When the writer George Eliot said, ‘animals are such agreeable friends. They ask no questions; they pass no criticisms,’ she was onto something. Many of us know first-hand the comfort of spending time with a non-judgemental pet who will listen to you moan about your boss and let you scratch them behind the ears.
According to educationalists, interacting with animals is even more beneficial for children with special needs. Jenny Duckworth is ‘The Dog Mentor’, a former teacher, dog trainer and NLP coach who combines her skills to advise schools across the UK on the best way to work with an emotional support dog.
She says that although many schools have taken on canine companions in recent years as a way of calming and encouraging vulnerable pupils, it’s a situation that needs careful managing. “The first stage is to assess the dog’s personality,” she explains, “You wouldn’t put a timid dog in the playground, for example, as it would be overwhelmed. It might be better for it to come to school just one or two days a week, or work with small groups of children. A livelier dog, like a spaniel, might need a lot more stimulation.”
Dogs Can Help Children Manage their Emotions
Therapeutic pooches can be a great asset in the classroom in so many ways, Jenny continues. Observing canine behaviour can prompt children to discuss their own motivations and hopes for the future, while understanding that the dog will pick up on their anxiety or anger, encourages them to try and regulate their own moods.
A support dog can also give children with SEN a reason to confront their difficulties, she says. “I worked with one girl with a physical disability who was feeling very negative about herself,” she recalls. “Her parents and the school were worried because she was relying too much on her wheelchair and losing strength. I got her to put the coat on the dog, gave her the lead and she got out of the chair and walked the dog round the playground.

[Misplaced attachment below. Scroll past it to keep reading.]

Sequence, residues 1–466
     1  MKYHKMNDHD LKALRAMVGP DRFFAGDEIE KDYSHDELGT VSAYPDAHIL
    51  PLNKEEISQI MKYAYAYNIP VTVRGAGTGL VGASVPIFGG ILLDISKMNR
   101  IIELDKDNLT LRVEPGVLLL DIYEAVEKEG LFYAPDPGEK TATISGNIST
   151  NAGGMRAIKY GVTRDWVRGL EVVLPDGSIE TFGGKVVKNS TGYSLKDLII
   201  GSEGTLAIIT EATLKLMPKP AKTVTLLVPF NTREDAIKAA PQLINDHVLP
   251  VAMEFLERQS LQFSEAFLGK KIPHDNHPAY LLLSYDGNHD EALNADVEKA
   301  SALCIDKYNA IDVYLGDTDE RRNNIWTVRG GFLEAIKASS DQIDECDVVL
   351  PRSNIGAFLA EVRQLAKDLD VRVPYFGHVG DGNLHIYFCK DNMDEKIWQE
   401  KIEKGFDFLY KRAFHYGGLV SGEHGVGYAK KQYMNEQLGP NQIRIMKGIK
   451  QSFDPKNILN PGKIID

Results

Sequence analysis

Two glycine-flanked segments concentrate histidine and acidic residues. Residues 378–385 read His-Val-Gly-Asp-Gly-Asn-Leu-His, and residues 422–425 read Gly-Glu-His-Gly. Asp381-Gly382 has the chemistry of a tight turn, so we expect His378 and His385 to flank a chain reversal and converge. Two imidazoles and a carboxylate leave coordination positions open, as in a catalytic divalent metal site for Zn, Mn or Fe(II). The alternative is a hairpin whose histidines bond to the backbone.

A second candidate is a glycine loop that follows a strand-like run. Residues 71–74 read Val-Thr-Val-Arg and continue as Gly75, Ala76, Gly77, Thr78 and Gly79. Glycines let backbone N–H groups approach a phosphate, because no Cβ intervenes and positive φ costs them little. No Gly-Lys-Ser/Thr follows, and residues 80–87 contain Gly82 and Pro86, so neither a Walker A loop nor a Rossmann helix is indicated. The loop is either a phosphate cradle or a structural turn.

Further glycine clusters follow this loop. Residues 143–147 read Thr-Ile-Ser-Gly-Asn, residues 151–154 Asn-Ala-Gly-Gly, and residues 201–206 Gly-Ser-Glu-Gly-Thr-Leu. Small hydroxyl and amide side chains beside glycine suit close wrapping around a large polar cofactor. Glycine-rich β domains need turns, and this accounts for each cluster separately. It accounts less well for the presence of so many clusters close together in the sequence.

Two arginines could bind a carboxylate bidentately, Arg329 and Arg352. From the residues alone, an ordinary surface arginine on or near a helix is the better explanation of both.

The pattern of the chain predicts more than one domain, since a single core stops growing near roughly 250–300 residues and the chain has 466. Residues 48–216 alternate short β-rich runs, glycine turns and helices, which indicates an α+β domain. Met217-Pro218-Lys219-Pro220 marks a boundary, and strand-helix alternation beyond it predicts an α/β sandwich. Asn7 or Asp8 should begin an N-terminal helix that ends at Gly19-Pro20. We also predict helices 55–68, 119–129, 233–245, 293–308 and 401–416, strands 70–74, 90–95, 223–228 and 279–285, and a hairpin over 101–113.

“Another lad wouldn’t go anywhere in the school without wearing ear-defenders because he hated noise,” Jenny carries on. “I asked the teachers if I could try something different. I got him to describe how the dog looked, felt and sounded. He said he could hear the dog panting and that it meant the animal was happy. The boy needed to walk across a crowded dinner-hall to collect his medicine so I asked him if he would do so with the dog, pointing out that he would have to keep listening for the panting. He chose not to use his ear-defenders.”
Animals Show Children a Different Way to Behave
Children with behavioural challenges, such as ADHD, she says, may have got used to being the cheeky one or the class clown. Getting them to walk the dog lets other kids see them being ‘sensible’, giving them a sense of pride and self-confidence.
“Teachers also learn from the experience of having a dog in school,” Jenny concludes. “They can see what the kids love to engage in and that there are different ways of approaching problems.”
Lizzy Thompson, a former primary teacher and horse-riding coach for the disabled, now works as a 1-1 support worker at a mainstream primary school in Kent. She is also studying an animal-assisted therapy course. Her school has recently constructed its own mini-farm with a variety of animals such as pigs, goats and chickens.
Animals Appeal to Children’s Sensory Needs
“I’ve found that children with ADHD, autism, anxiety or SEMH needs, benefit from being there and due to the variety of animals we have, there’s always one they like to spend time with,” she comments. “A lot of the children love doing jobs – whether it’s feeding, collecting eggs, cleaning the enclosures or grooming the animals. They seem to find it calming and definitely have a sensory reaction to holding and stroking them.
“Being outside a classroom setting means there’s no pressure on the children to sit and act in a certain way,” Thompson continues. “I think this allows some of them to talk and have someone listen without judgement or comment.”
Some pupils visit the farm in the mornings before school starts as a way of de-stressing before lessons. The animals, she says, seem to sense what the children need to get them into a better mind-set for learning. “My previous student had PDA and was a reluctant writer,” she continues, “but he started making up stories on Clickr about the animals and the adventures they went on. It was amazing!”